However, the interviewees also mentioned that addressing the issue with the students wasn't easy, for a number of reasons. "On the one hand, teachers so far haven't had any professionally developed methodology to help them effectively present the issue to the target generation. On the other hand, the lack of time and excessive workloads make it harder to realise individual ideas. That's exactly why they received the training very positively, as well as the methodology sessions and the forums where they had a chance to discuss their experiences or established best practices" – Ágnes Bibok emphasised.

Sensitisation non-formally

The 30-hour accredited teacher training was held in two 15-hour courses, lasting twice one and a half days. The first session focuses on the personal competencies and attitudes of the teachers involved, whereas the second one set the goal of developing the methodological toolkit. The subject matters of the training course were selected according to the experiences of secondary school students in the Southern Great Plain region, and therefore the curriculum included exclusion, tolerance, disabilities, deep poverty, the Romani people, as well as family issues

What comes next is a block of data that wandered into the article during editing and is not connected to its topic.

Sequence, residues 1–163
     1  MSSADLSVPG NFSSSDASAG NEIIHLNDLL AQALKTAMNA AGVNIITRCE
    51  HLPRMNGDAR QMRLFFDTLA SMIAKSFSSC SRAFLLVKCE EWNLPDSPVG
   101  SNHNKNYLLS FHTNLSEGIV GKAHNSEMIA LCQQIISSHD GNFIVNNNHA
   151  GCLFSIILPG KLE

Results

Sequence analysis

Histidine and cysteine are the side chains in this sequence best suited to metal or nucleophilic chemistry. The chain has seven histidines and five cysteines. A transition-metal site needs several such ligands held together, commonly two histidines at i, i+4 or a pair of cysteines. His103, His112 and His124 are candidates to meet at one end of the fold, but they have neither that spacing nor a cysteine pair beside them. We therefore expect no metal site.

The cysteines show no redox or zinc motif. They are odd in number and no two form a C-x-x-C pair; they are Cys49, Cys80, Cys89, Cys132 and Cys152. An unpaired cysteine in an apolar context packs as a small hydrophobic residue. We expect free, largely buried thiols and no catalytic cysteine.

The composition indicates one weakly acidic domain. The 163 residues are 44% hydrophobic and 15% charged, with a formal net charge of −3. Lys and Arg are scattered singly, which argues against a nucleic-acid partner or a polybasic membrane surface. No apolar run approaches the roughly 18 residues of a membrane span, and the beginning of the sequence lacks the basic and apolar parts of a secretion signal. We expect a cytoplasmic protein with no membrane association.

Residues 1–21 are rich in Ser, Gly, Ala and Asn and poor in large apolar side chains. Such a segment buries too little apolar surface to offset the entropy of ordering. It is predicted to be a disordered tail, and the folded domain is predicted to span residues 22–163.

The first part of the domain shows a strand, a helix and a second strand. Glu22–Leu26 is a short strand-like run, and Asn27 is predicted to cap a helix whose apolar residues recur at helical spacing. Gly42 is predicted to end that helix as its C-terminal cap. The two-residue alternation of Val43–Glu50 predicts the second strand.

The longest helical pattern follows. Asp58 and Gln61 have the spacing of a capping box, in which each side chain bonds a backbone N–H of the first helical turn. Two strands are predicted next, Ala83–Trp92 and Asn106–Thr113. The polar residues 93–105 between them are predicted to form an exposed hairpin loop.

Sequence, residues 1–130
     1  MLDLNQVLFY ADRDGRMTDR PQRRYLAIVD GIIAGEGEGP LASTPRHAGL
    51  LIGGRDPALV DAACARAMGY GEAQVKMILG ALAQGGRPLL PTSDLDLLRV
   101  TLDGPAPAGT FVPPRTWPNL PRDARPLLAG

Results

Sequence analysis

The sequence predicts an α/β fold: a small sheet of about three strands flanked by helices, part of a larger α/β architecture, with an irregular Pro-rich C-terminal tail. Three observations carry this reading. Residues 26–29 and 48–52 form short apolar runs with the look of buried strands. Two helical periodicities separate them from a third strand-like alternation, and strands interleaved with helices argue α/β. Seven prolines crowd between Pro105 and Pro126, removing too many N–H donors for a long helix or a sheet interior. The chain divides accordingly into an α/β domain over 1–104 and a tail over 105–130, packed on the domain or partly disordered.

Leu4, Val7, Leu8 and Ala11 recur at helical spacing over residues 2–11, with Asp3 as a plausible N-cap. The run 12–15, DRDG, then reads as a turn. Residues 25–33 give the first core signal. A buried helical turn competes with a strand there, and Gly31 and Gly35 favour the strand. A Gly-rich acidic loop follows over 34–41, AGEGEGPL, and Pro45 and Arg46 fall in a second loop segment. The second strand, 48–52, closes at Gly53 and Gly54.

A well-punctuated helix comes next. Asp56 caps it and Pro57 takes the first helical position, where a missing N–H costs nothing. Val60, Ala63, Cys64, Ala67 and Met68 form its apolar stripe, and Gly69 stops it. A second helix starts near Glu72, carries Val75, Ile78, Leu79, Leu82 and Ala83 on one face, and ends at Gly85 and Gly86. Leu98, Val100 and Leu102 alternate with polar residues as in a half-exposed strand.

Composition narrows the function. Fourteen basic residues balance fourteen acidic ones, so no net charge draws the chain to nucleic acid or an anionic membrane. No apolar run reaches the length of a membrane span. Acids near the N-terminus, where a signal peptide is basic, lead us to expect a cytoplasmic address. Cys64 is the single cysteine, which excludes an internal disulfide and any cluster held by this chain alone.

"In the project, we primarily put the emphasis on non-formal methods, and therefore training methods, community learning, learning by doing and reflective methods dominated. Besides, at various points of the programme the sensitisation cartoons called 'Ferdo and Frank", produced by our Slovenian partner, Socialna Akademija, also played a particularly important role. The six animations addressed the issues of social consciousness, social inclusion and participation, volunteering, civil society and social media. The cartoons are available on YouTube. It was essential for us that they were readily available, as they provided a basis for addressing the above-mentioned issues and for inducing important dialogues"– Ágnes Bibok recalls.

The sensitisation cartoons with Hungarian subtitles are available here:

Manuals, aids and training course

The above-mentioned six cartoons were part of the ten intellectual products which those working on the project dreamt up and prepared within the Erasmus+ project. During the first phase of the project, a very important questionnaire survey was conducted with the involvement of 850 secondary school students, seeking to specify the potential problems of the region from the perspective of social science and sociology. Finally, the information provided by secondary school students from Szeged, Timisoara and Komárom was used to prepare a document called Situation Analysis as well as a Problem Catalogue, which, as a closing to the preparatory phase, highlights the key breaking points. Its counterpart, the Solution Catalogue, was written in a later phase of the project, and it summarises the most important outcomes and ideas.